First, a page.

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Rapper Drakeo the Ruler fatally stabbed at LA festival

Rapper Drakeo the Ruler fatally stabbed at LA festival

A West Coast rapper, known as Drakeo the Ruler, was fatally stabbed in an altercation at a Los Angeles music festival where he was scheduled to perform, leaving fans of the young musician heartbroken.

A publicist for the rapper, Scott Jawson, confirmed his death on Sunday to the 'New York Times' and 'Rolling Stone'. The artist's real name was Darrell Caldwell.

Caldwell, 28, was assaulted on December 18 at the 'Once Upon a Time' in LA concert, which was expected to feature several artists, including Snoop Dogg, 50 Cent and Ice Cube. Organisers called off the festival after the stabbing.

A fight broke out behind the main stage shortly after 8:30 pm, leaving one man severely injured by a suspect wielding an edged weapon, the California Highway Patrol said in a bare-bones news release that did not name Caldwell. The victim was taken to a hospital, where he later died.

The Los Angeles Police Department and Los Angeles Fire Department also responded.

LAPD spokesman Officer Luis Garcia told the 'Los Angeles Times' that no arrests had been made as of December 19.

Music journalists and fans delighted in Caldwell's unique sound and boundless creativity. His death highlighted the violent demise of other talented young Black musicians, including fellow LA rapper Nipsey Hussle in 2019 and the highly influential Tupac Shakur in 1996. Both men were shot.

Snoop Dogg posted on social media condolences to Caldwell's family and prayers to those affected by the tragedy.

"I'm praying for peace in hip hop," he said.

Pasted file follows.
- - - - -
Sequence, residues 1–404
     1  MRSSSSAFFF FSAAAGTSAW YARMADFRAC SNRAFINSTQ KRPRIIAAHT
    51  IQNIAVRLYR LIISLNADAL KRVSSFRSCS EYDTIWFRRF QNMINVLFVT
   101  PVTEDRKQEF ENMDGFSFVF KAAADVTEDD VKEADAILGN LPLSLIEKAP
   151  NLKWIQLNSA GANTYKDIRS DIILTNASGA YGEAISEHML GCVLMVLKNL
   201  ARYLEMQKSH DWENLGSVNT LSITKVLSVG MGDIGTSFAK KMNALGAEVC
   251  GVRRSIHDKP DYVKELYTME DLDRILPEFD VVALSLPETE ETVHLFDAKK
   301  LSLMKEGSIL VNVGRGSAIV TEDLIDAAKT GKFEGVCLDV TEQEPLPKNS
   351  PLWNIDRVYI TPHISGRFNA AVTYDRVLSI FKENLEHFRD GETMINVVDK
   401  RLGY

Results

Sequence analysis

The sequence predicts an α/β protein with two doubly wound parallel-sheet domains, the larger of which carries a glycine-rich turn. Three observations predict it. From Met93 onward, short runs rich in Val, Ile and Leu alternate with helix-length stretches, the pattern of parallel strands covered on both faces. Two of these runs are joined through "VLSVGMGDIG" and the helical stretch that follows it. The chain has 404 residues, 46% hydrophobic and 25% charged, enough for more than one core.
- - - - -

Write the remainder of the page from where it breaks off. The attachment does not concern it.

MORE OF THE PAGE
Caldwell, who started releasing mixtapes in 2015 and this past February debuted his first album 'The Truth Hurts', has been called 'the most original stylist on the West Coast' for his darkly comedic lyrics and deadpan delivery. His mixtape 'Thank You for Using GTL' contains verses recorded at the Men's Central Jail in Los Angeles.

He grew up listening to acts like 'Hot Boyz', 'Boosie', 'Webbie and Dipset' but said it was a battle rapper named Cocky who influenced him to rap.

"He was so smooth and calm while rapping, despite saying some of the craziest stuff," he told 'Billboard' earlier this year.

He had added, "It showed me you did not have to yell or be loud to get your point across."

Caldwell pioneered a type of rap called 'nervous music', with songs that were cryptic and dark, the 'Los Angeles Times' wrote in 2018: "His cadences run counterclockwise to the drums, somehow both herky-jerky like a stick shift and swift and smooth like a luxury sports car it controls."

Caldwell was released from jail in November 2020 after reaching a plea deal with LA County prosecutors who wanted to try him on conspiracy charges in the 2016 killing of a 24-year-old man. Previously he had been acquitted of felony murder and attempted murder charges in the man's death.

The 'Once Upon a Time' in LA Fest confirmed in an Instagram post that the event had been called off early and did not give a reason.

The festival was organised by 'Live Nation', the Beverly Hills-based live events company that was behind last month's 'Astroworld' music festival in Houston, Texas.

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